Quantcast
Environmental News for a Healthier Planet and Life

Find out Which Businesses, Cities and Universities Use 100 Percent Green Energy

Business

More and more businesses, municipalities and universities are promoting themselves as efficient, but only a select few can honestly say they use 100 percent clean energy.

The U.S. Environmental Protection Agency (EPA) celebrated those green energy consumers yesterday by releasing its 100% Green Power Users list. The list is comprised of organizations in the agency's Green Power Partnership (GPP), which includes more than 1,500 organizations that collectively use more than 28 billion kilowatt hours (kWh) of green power each year. The GPP includes some of the cities Americans live in, stores where they shop, governmental entities they rely on and colleges they might send their children to.

The 966 partners that made the 100% Green Power Users list account for 11.5 billion kWh, according to the EPA. Since all of the users power their structures with 100 percent renewable energy—some exceed that mark through a combination of renewable energy certificates (RECs) and on-site installations—they are only ranked by annual usage.

Here are the top 10 power users:

Click the image for the full list of 100% Green Power Users. Table credit: U.S. Environmental Protection Agency

Intel Corp. has 7,000 kilowatts of installed solar capacity. The company's green power purchasing has the equivalent environmental impact of taking more than 455,000 passenger cars off the road each year or avoiding the amount of electricity it would take to power more than 327,000 average U.S. homes each year, according to the EPA.

"Our renewable purchase is just one part of a multi-faceted approach to protect the environment, and one that we hope spurs additional development and demand for renewable energy," said Marty Sedler, Intel's director of global utilities and infrastructure.

The EPA yesterday also issued its ranking of the top 30 on-site generators of green power. Usage figures are based on annualized GPP member contract amounts in kilowatts, not calendar year totals. The rankings are updated each quarter.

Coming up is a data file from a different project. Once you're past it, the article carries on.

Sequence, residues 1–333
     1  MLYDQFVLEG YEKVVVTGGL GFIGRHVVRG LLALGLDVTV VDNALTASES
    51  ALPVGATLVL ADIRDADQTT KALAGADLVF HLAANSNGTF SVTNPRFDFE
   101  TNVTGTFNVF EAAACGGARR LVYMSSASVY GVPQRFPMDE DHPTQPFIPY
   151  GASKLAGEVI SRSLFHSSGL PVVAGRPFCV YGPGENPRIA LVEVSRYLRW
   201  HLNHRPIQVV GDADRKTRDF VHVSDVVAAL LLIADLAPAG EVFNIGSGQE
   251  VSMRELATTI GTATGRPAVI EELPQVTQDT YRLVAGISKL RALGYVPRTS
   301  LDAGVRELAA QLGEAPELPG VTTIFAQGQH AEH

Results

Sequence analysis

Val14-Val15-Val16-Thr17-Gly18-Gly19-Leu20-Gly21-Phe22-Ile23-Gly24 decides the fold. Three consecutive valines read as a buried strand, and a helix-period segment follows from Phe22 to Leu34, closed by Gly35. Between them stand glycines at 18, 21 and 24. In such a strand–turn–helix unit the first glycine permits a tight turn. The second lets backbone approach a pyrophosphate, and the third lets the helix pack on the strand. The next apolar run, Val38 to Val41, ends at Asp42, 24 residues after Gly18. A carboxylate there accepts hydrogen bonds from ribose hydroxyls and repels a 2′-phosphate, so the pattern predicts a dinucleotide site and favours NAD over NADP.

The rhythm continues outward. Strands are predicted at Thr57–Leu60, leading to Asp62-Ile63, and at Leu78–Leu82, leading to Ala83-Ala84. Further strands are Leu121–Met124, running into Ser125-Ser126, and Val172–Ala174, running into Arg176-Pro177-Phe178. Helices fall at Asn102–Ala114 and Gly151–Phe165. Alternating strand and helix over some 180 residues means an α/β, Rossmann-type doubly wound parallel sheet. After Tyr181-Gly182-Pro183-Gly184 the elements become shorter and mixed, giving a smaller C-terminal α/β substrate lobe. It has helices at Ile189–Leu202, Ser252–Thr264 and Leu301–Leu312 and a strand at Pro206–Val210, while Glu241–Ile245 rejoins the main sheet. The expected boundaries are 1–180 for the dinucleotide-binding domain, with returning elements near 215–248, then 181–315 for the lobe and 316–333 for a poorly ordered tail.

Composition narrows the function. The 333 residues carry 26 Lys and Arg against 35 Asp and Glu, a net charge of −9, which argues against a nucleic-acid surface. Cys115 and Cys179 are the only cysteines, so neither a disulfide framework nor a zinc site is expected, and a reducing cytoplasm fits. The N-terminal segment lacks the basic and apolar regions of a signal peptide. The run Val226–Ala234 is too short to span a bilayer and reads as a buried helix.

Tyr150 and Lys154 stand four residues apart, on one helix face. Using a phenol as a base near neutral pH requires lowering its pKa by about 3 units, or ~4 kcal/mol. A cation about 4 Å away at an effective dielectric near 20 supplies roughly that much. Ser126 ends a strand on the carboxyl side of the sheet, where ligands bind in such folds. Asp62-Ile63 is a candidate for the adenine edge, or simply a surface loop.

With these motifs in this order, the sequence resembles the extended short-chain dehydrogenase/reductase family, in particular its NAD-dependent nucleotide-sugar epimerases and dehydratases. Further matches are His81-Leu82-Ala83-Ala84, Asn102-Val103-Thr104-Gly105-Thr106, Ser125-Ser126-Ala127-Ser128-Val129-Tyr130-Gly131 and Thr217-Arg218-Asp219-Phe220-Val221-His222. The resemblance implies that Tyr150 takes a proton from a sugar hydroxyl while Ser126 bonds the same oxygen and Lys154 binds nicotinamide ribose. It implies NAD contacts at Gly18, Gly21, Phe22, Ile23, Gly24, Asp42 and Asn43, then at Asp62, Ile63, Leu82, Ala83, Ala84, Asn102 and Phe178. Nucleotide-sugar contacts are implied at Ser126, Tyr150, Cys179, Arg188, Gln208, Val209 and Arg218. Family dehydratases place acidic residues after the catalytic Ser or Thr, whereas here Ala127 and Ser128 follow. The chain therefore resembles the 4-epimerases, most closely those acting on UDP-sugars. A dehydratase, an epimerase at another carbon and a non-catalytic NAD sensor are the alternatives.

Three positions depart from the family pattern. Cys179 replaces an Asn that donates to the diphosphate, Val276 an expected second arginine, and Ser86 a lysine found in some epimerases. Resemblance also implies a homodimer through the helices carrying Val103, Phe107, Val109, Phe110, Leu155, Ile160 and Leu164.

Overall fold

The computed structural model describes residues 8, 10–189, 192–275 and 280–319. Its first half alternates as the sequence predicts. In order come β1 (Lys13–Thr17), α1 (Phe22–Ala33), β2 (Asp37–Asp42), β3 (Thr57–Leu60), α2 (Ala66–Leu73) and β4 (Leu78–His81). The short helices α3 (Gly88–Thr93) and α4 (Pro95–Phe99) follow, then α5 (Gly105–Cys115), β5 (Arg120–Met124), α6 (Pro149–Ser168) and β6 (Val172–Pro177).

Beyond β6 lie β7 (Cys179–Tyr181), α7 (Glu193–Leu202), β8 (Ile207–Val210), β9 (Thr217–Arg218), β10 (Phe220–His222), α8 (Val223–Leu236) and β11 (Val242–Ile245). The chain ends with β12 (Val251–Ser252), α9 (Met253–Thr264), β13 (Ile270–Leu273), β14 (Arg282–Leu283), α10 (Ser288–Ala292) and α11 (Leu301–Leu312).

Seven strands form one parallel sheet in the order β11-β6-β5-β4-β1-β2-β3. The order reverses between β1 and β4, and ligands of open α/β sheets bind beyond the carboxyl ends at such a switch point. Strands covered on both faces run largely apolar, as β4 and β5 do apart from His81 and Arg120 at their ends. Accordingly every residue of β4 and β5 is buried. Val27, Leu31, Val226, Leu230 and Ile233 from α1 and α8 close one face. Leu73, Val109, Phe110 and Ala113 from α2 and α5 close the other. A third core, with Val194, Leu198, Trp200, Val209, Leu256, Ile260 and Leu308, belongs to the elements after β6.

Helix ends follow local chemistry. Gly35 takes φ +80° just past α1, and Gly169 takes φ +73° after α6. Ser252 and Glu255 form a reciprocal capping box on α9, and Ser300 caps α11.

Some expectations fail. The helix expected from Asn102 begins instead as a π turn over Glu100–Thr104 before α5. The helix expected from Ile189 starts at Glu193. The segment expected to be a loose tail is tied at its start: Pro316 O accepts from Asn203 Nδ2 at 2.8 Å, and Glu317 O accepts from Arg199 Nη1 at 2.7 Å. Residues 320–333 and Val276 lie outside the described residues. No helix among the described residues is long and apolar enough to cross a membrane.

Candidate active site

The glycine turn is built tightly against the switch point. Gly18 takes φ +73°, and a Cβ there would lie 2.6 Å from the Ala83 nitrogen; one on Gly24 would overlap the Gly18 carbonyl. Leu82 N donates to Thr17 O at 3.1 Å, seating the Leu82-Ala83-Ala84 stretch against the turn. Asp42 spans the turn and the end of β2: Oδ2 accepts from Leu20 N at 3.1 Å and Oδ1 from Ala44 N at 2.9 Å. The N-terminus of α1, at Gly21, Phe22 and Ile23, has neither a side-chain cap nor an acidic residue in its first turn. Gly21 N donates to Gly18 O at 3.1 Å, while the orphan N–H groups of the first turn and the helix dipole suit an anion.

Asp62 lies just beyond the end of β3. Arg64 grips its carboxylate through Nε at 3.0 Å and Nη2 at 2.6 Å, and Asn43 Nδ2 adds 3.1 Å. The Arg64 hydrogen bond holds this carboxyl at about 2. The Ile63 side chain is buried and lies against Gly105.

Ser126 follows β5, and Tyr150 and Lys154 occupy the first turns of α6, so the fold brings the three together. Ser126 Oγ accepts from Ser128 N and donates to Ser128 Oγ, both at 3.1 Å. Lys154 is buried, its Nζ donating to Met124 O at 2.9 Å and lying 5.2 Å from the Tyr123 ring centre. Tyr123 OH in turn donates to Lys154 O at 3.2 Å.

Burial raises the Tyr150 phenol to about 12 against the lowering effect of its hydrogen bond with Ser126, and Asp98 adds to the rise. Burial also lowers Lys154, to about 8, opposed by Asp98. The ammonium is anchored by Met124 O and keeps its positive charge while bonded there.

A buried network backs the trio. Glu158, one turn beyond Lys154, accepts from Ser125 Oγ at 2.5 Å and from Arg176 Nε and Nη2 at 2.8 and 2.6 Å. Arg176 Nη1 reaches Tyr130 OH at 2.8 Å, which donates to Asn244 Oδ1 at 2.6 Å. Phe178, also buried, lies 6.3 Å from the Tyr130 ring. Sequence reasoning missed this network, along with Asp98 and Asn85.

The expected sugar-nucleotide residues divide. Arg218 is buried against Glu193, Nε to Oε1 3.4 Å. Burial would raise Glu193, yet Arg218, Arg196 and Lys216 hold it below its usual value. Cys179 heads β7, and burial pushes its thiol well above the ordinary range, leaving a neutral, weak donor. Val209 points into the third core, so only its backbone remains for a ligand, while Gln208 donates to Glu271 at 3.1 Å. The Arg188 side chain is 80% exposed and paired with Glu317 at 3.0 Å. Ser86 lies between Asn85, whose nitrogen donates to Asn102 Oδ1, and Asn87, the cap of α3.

The top 10 on-site renewable energy generators. Click on the image to view the full ranking. Chart credit: U.S. Environmental Protection Agency

Combined, the partners' on-site green power consumption totals nearly 860 million kWh of clean energy per year—an amount the EPA says is equivalent to evading the carbon dioxide emissions from the electricity use of more than 91,000 average U.S. homes each year.

Energy users can meet GPP requirements using any combination of three criteria: RECs, on-site generation and utility green power products.

Visit EcoWatch’s RENEWABLES page for more related news on this topic.

EcoWatch Daily Newsletter

In Germany's Hunsrück village of Schorbach, numerous photovoltaic systems are installed on house roofs, on Sept. 19, 2019. Thomas Frey / Picture Alliance via Getty Images

Germany's target for renewable energy sources to deliver 65% of its consumed electricity by 2030 seemed on track Wednesday, with 52% of electricity coming from renewables in 2020's first quarter. Renewable energy advocates, however, warned the trend is imperiled by slowdowns in building new wind and solar plants.

Read More Show Less

In many parts of the U.S., family farms are disappearing and being replaced by suburban sprawl.

Read More Show Less
Sponsored
General view of the empty Alma bridge, in front of the Eiffel tower, while the city imposes emergency measures to combat the Coronavirus COVID-19 outbreak, on March 17, 2020 in Paris, France. Edward Berthelot / Getty Images

Half the world is on lockdown. So, the constant hum of cars, trucks, trains and heavy machinery has stopped, drastically reducing the intensity of the vibrations rippling through the Earth's crust. Seismologists, who use highly sensitive equipment, have noticed a difference in the hum caused by human activity, according to Fast Company.

Read More Show Less
The current rate of CO2 emissions is a major event in the recorded history of Earth. EPA

By Andrew Glikson

At several points in the history of our planet, increasing amounts of carbon dioxide in the atmosphere have caused extreme global warming, prompting the majority of species on Earth to die out.

Read More Show Less
The "Earthrise" photograph that inspired the first Earth Day. NASA / Bill Anders

For EcoWatchers, April usually means one thing: Earth Day. But how do you celebrate the environment while staying home to prevent the spread of the new coronavirus?

Read More Show Less